A few decades later, there will not be any need in such studies, as truck-drivers will not be in demand at all. The profession will die out like the dinosaurs in the ice age. According to experts from Strategy &, a global strategy consulting firm, the trucking industry will have radically changed by 2030.
Analysts say that by then we will have been living in the new reality, with robotised warehouses, smart cargo tracking systems and driverless trucks being part of it. Those market players who will still rely on actual people unable to keep up with the trend will lose the competition battle, since switching to a new type of driving system will help to save on logistics costs up to 80%.
Similar changes will occur in the mining sector. Moreover, several Australian companies have already implemented some remote administration tools, including ones allowing distance control of dump-trucks, loading machines and drill rigs.
The most advanced Russian enterprises are following the same path and working on production automation. For example, PhosAgro, Russian chemical holding company, has already introduced the remote underground drilling system at its Kirovsk Plant. An operator working in the office, above the ground, administers up to six drilling rigs below the surface simultaneously. Consecutively, their production efficiency can be increased by 20%, not to mention the significant improvement of labour safety.
Russian company’s further plans include implementing the system for conveying of overburden to dumping sites at the Vostochny mine. Three lines totalling 5 kilometres in length will replace the whole truck fleet, thus reducing the cost of transporting overburden by 15%. Self-driving dump trucks and excavators will be also made use of. New devices will be loaded and then moved along the intended route from the open-pit to the truck dump, with no people directly involved in the process.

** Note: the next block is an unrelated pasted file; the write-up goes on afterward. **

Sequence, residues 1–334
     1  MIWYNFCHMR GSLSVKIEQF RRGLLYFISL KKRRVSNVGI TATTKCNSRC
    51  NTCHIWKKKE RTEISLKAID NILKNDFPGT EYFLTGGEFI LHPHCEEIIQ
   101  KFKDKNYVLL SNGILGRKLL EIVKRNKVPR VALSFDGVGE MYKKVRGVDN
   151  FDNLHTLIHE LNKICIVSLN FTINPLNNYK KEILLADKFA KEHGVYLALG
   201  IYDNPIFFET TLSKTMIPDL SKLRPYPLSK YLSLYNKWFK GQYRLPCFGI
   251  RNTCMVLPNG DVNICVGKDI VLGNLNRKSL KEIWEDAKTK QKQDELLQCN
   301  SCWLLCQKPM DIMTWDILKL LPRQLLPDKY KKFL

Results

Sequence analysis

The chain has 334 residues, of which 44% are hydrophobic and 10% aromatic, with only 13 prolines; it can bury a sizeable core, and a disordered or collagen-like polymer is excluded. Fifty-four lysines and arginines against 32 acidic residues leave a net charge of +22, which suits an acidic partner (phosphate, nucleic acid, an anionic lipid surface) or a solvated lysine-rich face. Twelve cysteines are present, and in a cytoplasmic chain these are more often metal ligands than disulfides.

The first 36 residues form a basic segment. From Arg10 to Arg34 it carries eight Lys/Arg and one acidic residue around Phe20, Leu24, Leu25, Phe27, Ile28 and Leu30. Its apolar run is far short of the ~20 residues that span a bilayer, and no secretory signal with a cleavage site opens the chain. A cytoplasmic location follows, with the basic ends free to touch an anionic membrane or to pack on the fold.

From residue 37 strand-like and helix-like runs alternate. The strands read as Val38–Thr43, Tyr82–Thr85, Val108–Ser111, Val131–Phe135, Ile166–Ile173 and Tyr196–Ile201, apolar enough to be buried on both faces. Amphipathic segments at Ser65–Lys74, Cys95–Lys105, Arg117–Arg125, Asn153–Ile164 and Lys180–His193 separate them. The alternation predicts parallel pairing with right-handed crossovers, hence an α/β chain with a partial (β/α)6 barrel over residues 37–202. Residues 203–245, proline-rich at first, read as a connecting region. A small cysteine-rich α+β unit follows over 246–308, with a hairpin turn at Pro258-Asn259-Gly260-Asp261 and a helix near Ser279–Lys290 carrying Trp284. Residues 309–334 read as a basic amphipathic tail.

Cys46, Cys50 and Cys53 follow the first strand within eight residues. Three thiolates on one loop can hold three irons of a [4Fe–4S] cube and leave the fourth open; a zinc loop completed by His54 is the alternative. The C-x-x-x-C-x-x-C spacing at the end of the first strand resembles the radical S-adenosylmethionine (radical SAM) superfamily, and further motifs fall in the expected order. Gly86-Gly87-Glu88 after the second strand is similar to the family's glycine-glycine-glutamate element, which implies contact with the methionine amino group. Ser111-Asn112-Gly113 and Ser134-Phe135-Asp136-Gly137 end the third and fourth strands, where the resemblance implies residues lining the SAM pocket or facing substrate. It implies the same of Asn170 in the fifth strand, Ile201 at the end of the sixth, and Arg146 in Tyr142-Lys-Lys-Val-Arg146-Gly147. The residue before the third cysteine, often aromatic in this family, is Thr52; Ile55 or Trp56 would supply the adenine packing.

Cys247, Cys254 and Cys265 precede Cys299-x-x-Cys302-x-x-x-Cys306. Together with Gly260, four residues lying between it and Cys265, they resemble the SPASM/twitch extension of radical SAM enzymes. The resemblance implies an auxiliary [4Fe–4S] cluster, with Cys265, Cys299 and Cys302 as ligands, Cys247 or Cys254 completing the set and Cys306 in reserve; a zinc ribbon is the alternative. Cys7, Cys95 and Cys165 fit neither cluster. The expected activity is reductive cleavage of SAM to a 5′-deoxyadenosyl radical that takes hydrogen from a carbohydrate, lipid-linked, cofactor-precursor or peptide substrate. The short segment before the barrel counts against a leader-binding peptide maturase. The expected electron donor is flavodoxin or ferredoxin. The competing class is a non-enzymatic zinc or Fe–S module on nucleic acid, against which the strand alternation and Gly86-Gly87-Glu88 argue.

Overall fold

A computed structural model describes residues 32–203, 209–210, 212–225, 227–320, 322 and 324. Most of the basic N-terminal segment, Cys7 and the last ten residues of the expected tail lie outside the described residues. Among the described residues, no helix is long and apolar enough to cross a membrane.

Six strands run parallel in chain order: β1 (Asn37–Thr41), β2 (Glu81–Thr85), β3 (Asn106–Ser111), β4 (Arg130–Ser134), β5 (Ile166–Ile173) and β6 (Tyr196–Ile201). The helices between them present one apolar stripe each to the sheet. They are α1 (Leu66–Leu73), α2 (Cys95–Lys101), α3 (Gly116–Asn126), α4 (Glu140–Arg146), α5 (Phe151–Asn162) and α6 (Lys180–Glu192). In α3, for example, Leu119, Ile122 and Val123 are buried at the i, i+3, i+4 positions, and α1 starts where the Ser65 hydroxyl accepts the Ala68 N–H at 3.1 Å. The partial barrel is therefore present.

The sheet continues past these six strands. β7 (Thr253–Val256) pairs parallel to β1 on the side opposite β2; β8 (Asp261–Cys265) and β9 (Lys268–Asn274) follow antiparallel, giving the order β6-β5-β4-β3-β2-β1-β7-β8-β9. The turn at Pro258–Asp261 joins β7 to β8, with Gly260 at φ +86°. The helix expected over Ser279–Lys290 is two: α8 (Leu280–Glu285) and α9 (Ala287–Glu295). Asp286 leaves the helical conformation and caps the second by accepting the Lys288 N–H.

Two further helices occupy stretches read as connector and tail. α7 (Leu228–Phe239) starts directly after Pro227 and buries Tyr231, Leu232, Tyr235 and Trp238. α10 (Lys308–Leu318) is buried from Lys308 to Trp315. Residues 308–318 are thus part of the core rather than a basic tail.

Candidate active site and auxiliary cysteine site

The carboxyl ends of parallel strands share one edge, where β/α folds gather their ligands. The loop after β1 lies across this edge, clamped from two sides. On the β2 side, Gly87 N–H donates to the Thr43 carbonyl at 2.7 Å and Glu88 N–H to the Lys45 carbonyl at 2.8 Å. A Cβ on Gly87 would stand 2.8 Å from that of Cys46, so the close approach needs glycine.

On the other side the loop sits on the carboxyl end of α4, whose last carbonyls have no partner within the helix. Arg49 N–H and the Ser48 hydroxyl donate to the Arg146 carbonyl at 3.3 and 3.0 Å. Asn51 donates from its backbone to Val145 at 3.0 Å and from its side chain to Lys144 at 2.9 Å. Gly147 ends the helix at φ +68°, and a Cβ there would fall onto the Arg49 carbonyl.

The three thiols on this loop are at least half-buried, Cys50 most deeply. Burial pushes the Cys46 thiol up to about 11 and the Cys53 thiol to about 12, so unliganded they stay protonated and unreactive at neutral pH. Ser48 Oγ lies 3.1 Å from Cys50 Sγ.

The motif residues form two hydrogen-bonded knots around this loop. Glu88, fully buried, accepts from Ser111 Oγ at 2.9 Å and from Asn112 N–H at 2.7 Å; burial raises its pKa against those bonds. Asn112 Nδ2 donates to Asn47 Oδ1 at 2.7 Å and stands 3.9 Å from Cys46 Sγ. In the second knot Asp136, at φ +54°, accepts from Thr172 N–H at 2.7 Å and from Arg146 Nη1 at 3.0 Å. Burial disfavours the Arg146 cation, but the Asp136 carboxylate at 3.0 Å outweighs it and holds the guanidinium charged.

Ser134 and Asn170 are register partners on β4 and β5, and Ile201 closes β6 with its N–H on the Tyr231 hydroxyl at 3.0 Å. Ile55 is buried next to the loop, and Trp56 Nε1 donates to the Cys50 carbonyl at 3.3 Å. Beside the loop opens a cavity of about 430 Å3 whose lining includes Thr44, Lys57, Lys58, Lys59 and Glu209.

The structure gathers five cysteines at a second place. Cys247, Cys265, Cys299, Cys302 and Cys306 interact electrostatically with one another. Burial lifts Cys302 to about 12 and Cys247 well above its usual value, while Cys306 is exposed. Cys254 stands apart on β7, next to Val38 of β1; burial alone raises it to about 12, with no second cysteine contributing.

The Center for Digital Technology at the Mining University is now involved in developing an algorithm that would allow one operator to control the maximum number of machines, up to the point where all devices involved in the processes of extraction, loading and transportation can be controlled remotely. The digital industry platform will act here as an integrator of production processes. Its purpose will be to gather and combine the data from various links in the technological chain - whether it be a person or machine - and help the manager to analyse them.
Mr Zhukovsky sums up, “Of course, digital transformation is impossible if we do not develop human resource capital. Future engineers should become professionals working at the junction of various industries, which means they will need to be highly competent - and not only in IT, but also in geology, geomechanics, power and automation engineering, and numerous other disciplines”.
It is expected that in the next ten years, almost a third of all currently existing jobs will be robotised - primarily where harsh working conditions are implied, i.e. in the mines and quarries. There will be no need for people to work under the ground, only if a remotely piloted vehicle gets broken or a drilling rig has to be moved.
As a result, low-skilled personnel will not be as demanded as it is now, while the importance of engineering education will significantly increase. The most sought-after industry specialists are going to be digital data interpreters, software customisation specialists, and operators administering remote devices. It should be noted that the latter area will see growing competition as well due to the widespread distribution of software, leading to fewer employees needed to operate the machines.